Bleeding a Radiator: Why It’s Important and How You Should Do It
A full working central heating system is essential to any home especially in the colder seasons, but not a lot of homeowners understand the importance of bleeding their radiators regularly to ensure their efficiency and keep energy costs down. To add to that, having your boiler serviced annually will help to keep your central heating system healthy and well-maintained.
But what exactly does bleed a radiator mean and how is it done properly?
What does ‘bleeding a radiator’ mean?
Before you learn how to bleed a radiator, you should know what bleeding means, which is simply letting trapped air from inside the system out. When air is trapped, it keeps water from heating the radiator, thus resulting in cold spots. It’s very important to bleed your radiator to make them last longer, keep your home properly heated and avoid costly energy bills in the long run.
When bleeding a radiator is necessary
The easiest way to determine if your radiator needs bleeding is to simply touch its upper section. If it’s cooler than the bottom part of the radiator, then it’s time to think about bleeding your radiators.
How to bleed a radiator properly:
- To get started, you’ll need two things: a radiator key that you’ll use to open the radiator vent valve and a cloth or towel for drips.
- To bleed your radiator, simply follow the bleeding radiators sequence, which begins with turning your heating system on to warm up the radiator and push the unwanted air out.
- Check every radiator for cold spots and listen for gurgling sounds. Make sure to use thin gloves to avoid burning your hands, as some radiators will tend to be hotter. Those with the most issues have to be bled first.
- Turn your central heating system off just before you begin bleeding to avoid scalding yourself and flooding water on your floor.
- Layout your old towels around the radiator to catch any drips of discoloured water while bleeding your radiator, this will help save time in cleaning the area later.
- Use a radiator key to open the bleed valve at the top of the radiator. Turn the key counter slowly clockwise until you hear a hissing sound, which means that the air is escaping. Air could be hot and contain hot water so make sure you keep a good distance. If you don’t have a key any flat head screwdriver will do.
- Turn the key halfway and hold it until the air stops coming out. If you see only water is dripping out, that’s a sign that bleeding is complete. Turn the key clockwise to re-seal the radiator but make sure not to over tighten it.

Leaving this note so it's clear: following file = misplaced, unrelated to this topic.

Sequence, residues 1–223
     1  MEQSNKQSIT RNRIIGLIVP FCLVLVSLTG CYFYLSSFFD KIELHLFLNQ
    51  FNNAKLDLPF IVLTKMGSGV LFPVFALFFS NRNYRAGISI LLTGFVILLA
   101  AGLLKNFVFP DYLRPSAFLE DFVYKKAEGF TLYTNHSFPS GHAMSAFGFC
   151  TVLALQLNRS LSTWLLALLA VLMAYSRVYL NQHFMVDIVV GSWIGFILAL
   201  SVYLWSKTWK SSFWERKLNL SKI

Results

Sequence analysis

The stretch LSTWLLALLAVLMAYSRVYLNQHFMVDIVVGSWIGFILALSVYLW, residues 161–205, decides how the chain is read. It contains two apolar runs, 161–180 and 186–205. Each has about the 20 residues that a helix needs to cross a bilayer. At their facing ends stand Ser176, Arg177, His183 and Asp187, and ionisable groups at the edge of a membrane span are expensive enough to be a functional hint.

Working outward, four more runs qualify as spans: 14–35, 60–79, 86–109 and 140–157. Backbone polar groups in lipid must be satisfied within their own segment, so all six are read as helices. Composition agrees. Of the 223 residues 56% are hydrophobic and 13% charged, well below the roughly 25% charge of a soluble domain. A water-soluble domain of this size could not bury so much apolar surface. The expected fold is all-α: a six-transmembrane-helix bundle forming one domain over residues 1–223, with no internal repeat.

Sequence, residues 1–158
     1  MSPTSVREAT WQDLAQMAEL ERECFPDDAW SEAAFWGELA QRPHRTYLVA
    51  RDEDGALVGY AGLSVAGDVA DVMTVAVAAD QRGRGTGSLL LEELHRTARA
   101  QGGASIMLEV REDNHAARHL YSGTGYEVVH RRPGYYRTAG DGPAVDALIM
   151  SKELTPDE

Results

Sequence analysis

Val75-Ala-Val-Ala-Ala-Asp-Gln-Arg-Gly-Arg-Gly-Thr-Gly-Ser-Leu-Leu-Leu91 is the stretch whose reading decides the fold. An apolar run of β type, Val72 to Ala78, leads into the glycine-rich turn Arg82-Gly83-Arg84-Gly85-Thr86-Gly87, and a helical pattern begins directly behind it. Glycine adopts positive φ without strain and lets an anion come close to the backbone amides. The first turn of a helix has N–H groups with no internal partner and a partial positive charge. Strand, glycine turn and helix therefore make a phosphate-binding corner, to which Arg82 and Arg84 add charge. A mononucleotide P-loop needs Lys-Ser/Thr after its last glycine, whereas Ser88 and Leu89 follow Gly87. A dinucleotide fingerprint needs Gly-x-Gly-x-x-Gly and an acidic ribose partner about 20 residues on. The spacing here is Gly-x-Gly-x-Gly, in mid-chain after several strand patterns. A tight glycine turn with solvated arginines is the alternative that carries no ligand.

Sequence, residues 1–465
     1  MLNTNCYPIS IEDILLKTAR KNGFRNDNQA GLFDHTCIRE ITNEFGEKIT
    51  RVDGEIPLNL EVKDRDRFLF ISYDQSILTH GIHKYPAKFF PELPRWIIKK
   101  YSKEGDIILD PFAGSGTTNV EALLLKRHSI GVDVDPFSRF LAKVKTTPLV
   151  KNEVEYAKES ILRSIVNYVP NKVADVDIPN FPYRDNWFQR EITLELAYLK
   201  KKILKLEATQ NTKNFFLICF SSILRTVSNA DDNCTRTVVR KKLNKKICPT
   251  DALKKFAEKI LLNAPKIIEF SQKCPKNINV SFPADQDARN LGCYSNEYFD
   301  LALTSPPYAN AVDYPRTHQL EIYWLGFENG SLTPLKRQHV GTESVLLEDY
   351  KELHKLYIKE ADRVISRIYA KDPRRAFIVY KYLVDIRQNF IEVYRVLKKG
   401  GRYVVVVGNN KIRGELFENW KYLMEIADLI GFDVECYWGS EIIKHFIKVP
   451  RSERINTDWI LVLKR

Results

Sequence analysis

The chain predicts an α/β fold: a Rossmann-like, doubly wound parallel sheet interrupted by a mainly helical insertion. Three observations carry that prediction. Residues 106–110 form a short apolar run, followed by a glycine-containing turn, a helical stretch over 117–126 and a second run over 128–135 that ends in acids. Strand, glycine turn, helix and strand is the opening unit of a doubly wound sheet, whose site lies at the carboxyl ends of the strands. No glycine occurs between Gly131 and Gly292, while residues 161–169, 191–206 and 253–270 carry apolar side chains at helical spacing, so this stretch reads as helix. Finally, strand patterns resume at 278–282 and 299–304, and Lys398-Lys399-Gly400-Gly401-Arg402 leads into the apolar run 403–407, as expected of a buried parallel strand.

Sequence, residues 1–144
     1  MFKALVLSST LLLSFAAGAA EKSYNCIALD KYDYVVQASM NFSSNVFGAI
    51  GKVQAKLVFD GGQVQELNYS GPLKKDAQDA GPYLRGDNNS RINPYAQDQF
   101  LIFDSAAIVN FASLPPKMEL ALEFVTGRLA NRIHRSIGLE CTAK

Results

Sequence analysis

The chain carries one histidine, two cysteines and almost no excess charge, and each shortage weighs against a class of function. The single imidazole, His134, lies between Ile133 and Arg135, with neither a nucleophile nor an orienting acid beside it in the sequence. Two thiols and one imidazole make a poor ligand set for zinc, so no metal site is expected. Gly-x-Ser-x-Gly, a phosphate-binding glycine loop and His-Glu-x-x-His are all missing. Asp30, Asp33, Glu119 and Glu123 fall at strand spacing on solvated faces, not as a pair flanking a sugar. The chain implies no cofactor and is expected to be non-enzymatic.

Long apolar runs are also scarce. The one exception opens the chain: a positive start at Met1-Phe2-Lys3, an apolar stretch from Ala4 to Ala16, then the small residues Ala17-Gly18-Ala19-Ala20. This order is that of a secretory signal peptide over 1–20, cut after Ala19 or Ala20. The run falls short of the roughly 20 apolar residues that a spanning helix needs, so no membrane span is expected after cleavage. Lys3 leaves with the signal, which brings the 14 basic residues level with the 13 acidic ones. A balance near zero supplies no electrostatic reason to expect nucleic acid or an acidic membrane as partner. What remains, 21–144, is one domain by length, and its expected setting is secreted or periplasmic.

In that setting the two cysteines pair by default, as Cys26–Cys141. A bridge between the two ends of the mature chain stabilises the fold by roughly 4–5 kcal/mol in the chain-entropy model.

- Repeat the process on all your radiators.
- We advise you to start your bleeding from the ground floor and work your way up to the second floor, as the air rises through the system.
To complete the bleeding operation, you must re-pressurise your heating system until the needle gauge is facing green. If it’s on yellow, then you have to re-pressurise by locating the central filling loop connected to the radiator. Turn the tap slowly while adjusting the pressure.
Below is a quick recap of the steps to bleed the radiator:
1. Prepared a radiator key and some old clothes or towels
2. Turn your heating on
3. Check which radiator needs bleeding by feeling for the cold spots and listen for gurgling sounds
4. Turn your central heating off before bleeding the radiator
5. Put some old towels under the radiator to catch the dripping water
6. Use a radiator key to open the bleed valve at the top of the radiator
7. Bleed the radiator as mentioned above
8. Repeat the process on all your radiators
9. Make sure to start from the ground floor and work your way up
10. Check the pressure on your central heating
To keep your home heating up more efficiently and to save on your energy bill, we suggest that you have your boiler serviced regularly to maintain the health of your central heating system.
Want to see it in action? Below is a Wickes video to show you how to bleed a radiator:
When is the best time to bleed your radiators?
The best time to bleed your radiators are at the start of the Autumn season when the weather is starting to turn colder, as you would like the central heating to be on more frequently.
What is the ideal temperature for your home?
According to the expert, keep your room temperature on a warm but not too high temperature can save you some money. Areas such as kitchen, hallway, and storage room are recommended between 16°C to 18°C, whereas the lounge should be around 20°C to feel warm and cosy. For bathroom and children bedrooms are best to set at around 23°C to 24°C.
Any Questions? Get in Touch!
We hope you have enjoyed reading our post; if you have any questions on your central heating problems, or would like to book an annual boiler service, simply give us a call on 07771 956641, our gas safe registered heating engineers are here to help you with your enquiry. Alternatively, you can also send us a message via our online contact form.
Harman Heating is a family run plumbing and heating company for over 25 years, based in Northampton, we cover the area in and around Northamptonshire, including Northampton, Wellingborough, Rushden, Sywell, Overstone, Kettering, and all surrounding areas.